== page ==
PhotoXplore Helps You Shoot Manual

Explanation of shutter speed

Typical explanation of shutter speed

This quarter I took a class in Information Visualization, a topic I introduced in this post. I was particularly interested in ways to visualize information related with photography. One obvious component of photography that we don’t get to see often is how the photographer got the shot i.e. the settings he used.

While many sites, such as Flickr, let you view the EXIF information in the photos, there’s no easy way to view them for groups of photos, or get a sense of what settings people use for a certain genre of photography.

For example, say you’re at the Eiffel Tower and want a beautiful night shot and you’ve got your brand new DSLR out. But despite your best efforts at plowing through explanations of shutter speed and aperture, the crazy fractions and notation continue to defy you. That’s where my project, PhotoXplore, fits in.

Shimona's Photos on PhotoXplore

Shimona's Photos on PhotoXplore

Basically, the idea is that by visualizing the images in a simple interactive chart, you can make connections and begin to understand the relationships without needing to understand the numbers… for now at least. You can explore the chart by highlighting areas (called brushing) and watching the gallery area change. Vice versa, if you see an image you like, you can mouse over it and see where it pops up in the chart area.

The quarter system is way too short for a full project, so I wasn’t able to do any user studies, but I did notice some fun things while using it myself. For one, by plotting different photographer’s work, you can see what settings they like to use. Apparently, I like to stick to wide apertures and handheld photos – knowing this motivates me to branch out a bit.

Photos of Northern Lights

Photos of Northern Lights

I discovered another cool thing while exploring the Iceland Landscape photo set. There was an interesting clump of photos in the one area of the chart that was somewhat separate from the rest of the photos. On brushing over them, the gallery immediately repopulated with photos of the Northern Lights! It was immediately clear that to shoot the Northern Lights you need a wide aperture and a very long exposure. This little discovery captures the concept behind the PhotoXplore interface – it aims to provide a fun way to explore photos where the images and the settings are presented together making such discoveries easy and intuitive.

Quick disclaimer, all images are off Flickr using their API and credit goes to the original photographer. If you click on an image in the gallery, you can link to the original page on Flickr. Also, it’s not complete yet, I’d really like to let users come up with their own searches and save them, but for now its pre-populated with some sets of data. If you’d like a new set of images added, I can generate it and add to the list. Check it out and let me know what you think!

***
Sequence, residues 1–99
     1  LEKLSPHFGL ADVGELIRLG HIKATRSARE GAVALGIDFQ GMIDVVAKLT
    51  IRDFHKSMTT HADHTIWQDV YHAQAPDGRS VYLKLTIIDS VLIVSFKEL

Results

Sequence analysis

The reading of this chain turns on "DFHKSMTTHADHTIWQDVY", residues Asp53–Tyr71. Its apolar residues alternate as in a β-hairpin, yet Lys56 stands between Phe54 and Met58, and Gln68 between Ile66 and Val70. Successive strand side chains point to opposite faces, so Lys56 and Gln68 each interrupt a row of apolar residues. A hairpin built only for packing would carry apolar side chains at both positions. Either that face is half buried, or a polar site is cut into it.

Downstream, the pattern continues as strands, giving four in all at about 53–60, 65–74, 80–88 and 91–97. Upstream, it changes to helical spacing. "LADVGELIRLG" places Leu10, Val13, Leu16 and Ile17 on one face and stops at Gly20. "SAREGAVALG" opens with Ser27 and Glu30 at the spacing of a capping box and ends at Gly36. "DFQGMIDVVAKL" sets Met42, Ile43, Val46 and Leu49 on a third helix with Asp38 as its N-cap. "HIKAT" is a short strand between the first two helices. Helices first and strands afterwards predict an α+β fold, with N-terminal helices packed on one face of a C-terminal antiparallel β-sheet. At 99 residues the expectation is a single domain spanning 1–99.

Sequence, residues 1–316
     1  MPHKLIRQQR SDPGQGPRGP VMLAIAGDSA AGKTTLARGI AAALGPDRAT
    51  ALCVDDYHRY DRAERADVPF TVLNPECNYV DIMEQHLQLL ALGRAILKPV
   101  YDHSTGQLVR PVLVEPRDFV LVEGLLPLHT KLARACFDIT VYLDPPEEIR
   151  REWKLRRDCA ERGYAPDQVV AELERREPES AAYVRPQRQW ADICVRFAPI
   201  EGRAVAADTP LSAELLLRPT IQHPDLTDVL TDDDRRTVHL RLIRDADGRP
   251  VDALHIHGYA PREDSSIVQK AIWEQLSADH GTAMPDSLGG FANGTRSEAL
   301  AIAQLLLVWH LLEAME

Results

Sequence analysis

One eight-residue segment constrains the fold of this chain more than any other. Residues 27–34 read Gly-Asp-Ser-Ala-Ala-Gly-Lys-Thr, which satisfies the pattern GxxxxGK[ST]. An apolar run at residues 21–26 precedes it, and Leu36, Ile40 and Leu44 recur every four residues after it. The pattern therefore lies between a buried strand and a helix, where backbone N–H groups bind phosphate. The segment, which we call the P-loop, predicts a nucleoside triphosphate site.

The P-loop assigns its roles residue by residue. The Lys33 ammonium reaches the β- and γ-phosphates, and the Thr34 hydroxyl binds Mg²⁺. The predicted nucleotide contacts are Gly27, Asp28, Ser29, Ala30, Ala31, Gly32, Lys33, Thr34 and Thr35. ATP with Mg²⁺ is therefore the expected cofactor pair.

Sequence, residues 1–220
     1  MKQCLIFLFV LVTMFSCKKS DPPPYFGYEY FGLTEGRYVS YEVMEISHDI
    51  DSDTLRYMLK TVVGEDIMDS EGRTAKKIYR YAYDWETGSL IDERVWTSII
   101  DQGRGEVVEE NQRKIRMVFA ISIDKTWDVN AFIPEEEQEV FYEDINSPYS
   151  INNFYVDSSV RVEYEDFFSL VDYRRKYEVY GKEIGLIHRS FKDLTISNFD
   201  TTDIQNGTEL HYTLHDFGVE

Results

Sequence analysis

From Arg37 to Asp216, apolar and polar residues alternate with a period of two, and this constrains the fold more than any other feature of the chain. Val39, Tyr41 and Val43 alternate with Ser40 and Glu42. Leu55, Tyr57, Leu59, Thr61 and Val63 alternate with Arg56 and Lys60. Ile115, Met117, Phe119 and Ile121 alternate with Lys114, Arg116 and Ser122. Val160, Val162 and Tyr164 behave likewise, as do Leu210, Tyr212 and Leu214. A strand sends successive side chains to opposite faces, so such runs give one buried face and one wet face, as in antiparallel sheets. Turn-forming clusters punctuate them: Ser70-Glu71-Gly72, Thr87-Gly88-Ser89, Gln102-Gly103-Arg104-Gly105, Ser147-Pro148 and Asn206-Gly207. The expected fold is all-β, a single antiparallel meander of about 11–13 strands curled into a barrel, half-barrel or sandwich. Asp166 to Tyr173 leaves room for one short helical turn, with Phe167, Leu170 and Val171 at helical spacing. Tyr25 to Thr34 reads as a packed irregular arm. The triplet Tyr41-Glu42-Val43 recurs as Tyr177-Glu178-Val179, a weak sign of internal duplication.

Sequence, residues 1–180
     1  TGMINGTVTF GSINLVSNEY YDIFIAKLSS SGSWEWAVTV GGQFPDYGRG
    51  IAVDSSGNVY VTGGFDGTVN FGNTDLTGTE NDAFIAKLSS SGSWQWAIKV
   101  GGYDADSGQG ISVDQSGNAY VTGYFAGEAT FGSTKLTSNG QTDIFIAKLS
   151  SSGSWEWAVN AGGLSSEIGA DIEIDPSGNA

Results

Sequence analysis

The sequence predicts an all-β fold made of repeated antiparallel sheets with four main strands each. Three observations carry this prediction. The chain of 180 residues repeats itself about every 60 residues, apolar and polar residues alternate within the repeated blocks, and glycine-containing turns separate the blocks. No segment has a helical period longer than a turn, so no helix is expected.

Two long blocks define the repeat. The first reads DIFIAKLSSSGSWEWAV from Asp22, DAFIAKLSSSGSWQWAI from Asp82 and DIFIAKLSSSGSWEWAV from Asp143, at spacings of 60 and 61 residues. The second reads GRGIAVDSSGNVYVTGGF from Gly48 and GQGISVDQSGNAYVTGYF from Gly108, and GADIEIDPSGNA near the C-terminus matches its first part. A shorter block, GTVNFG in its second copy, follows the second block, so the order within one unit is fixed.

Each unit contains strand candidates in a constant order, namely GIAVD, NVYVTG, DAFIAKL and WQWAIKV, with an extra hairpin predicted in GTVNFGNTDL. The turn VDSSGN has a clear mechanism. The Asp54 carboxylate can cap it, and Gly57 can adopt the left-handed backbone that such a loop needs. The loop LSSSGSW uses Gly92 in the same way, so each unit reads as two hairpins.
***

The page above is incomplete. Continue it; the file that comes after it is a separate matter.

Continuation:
Visualizing Photography

Think of the thousands of photos on your computer, gigs of music etc… You’re not the only one, businesses and the government generate massive quantities of data such as statistics or financial information.¬†Information visualization is a new way of tackling the massive stream of data that is produced on a daily basis.

To see some interesting examples, you can check David McCandless’ site at

Since I love photography, I am interested in being able to visualize the data associated with photography. So many software engineers are also avid photographers and so much data (exif, tagging, geodata) but surprisingly, there is not much visualization work available in the field of photography.

However I found one that I quite like from Eric Fischer. It’s a visualization of local and tourist photo geodata using the Flickr API. The blue marks represent photos taken by locals, the red marks by tourists. Here’s the full version for San Diego.

Tourists and Local Map of San Diego

Tourist & Local Map: San Diego. By Eric Fischer

As you can see, the major tourist destinations in the city are Balboa Park, the Zoo, downtown, the Gaslamp quarter, Coronado and SeaWorld. You’d expect the local data to point out secret, cool, sightseeing spots that only locals know about. But what I noticed is that it actually shows you the best places to hit the bars, University St. between Hillcrest and 30th, Adams Ave., Newport St. in Ocean Beach and Garnet St. in Pacific Beach.

If you think about it, most people are most likely to take photos when out with friends at a bar. In fact, looking closely at South Park, where I live, the one dense blue dot on the map clearly points at Juniper and 30th, the location of the Whistlestop Bar, Station Tavern and Burgers and Rose Wine Pub.

How cool is that? In a new city, you could use the red areas to decide what to do during the day, and the blue areas to find the best nightlife. This sort of unexpected information becoming apparent is the best part of information visualization.

Some of these patterns might become more obvious if this map were animating the data over time. Animated over a day, you’d be able to see the blue marks light up at night and make that relationship more obvious. Animated over a year, you could see the best times to visit (or more likely, avoid!) the major tourist destinations.

To see a wonderful TED talk on information visualization, check out David McCandless’ talk.